How to Make the Most out of Entrepreneurial Events
The NYU Entrepreneurs Festival was my first soirée in large scale events, where four years ago I was introduced to the concept of entrepreneurship. Entrepreneurs pride themselves on their ability to network, inspire, and connect with each other at these massive celebrations, and I felt unable to reciprocate the same energy and charisma. But there are ways to approach festivals and celebrations without burning out. In the past four years, growing with this festival has especially shown me how to tap into potential you didn’t see before.
Launch Your Story
These entrepreneurial events are the best foreground to launch your story and really figure out where you can be. The first mistake I’ve witnessed (and committed) is attendees fumble when asked “tell me about yourself” and they attempt to push the conversation to address where they want to be. Attendees should rather use the opportunity to talk about themselves, and how they landed at the event itself. As a guest, be sure to figure out why you are at an event: is it because it had free food and speakers? Is it because you’re looking for a job opportunity? Are you confused about what you want to do with your life? Answers to any of those questions suffice to address why you’re at the event in the first place, and allow the event organizers to help find niches for you to fit into.
Build your vision
Sit in as many events as possible and tell people around you that you’re there to learn at the very least. It’ll keep people interested in helping you figure out what you are passionate about, what keeps you motivated, and how to best be disruptive in an industry. Many times, I’ve seen guests leave the events without asking a question to a speaker, or attempt to host a conversation with an event organizer; this only leads to disappointing experiences when you don’t give yourself a chance. The best place to start is to admit that you may not know what you’re doing. Your vision is always cloudy when you start events but with the help of professionals and other guests, you start to clear the fog and tunnel in on what truly excites you. Be able to continuously clarify and iterate on your ambitions and as you communicate what you foresee, people will be excited to move forward with you and assist you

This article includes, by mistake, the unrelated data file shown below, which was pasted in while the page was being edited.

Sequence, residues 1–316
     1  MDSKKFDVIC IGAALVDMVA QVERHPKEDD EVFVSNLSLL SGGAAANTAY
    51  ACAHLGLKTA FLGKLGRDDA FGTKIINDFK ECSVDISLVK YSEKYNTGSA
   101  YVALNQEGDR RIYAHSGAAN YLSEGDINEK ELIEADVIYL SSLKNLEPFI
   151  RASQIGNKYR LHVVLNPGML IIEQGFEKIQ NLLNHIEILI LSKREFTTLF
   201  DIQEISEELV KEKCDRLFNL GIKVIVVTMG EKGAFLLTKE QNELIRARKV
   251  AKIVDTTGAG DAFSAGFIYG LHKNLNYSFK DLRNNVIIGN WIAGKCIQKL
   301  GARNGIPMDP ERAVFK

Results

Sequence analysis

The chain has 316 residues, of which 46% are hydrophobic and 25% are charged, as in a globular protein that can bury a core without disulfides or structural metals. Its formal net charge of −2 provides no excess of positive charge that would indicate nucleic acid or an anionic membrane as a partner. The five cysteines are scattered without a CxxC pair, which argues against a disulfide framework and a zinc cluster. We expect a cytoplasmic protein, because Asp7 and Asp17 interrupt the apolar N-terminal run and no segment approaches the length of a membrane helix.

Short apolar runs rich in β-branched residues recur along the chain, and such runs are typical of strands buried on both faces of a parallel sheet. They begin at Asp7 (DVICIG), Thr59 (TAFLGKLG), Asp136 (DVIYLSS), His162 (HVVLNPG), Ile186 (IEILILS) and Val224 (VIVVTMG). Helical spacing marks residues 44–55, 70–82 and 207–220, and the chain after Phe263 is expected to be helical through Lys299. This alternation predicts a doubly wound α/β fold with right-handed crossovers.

Own your path
Starting conversations is one thing but following your motivation is the most important. Force yourself to attend all portions of the event and make your time worth it. Challenge yourself to sit in interactive workshops that you otherwise wouldn’t and learn a new skill. Most importantly, I’ve urged people to apply those skills at the very festival you attend. Show people what you’re trying to build, demonstrate your diligence, and a good attitude. They’ll remember you and use these chances to keep in touch. The NYU EF has shown me how to be a go getter even for the most introversive students and professionals. Growing dynamically throughout the event and over the past four years has been an opportunity unparalleled.
The NYU Entrepreneurs Festival is the largest student-run celebration of NYU entrepreneurs, alumni, startups, and their stories; it takes place this weekend on March 3rd and 4th! Some of the highlights of the festival this year includes a HackAI workshop with Clarifai, Amazon AWS, and Two Sigma ventures; 3 awesome keynotes with Scott Harrison (CAS '98) of charity:water, Carley Roney (Tisch '90) of XO Group (The Knot and Rent the Runway) and Jonathan Teller (WSC '92) of eos; interactive workshops, summer internship networking opportunities, full time hiring opportunities and career advice, roundtables, panels and an after-party.
Tickets are on sale at www.nyuef.org/tickets!
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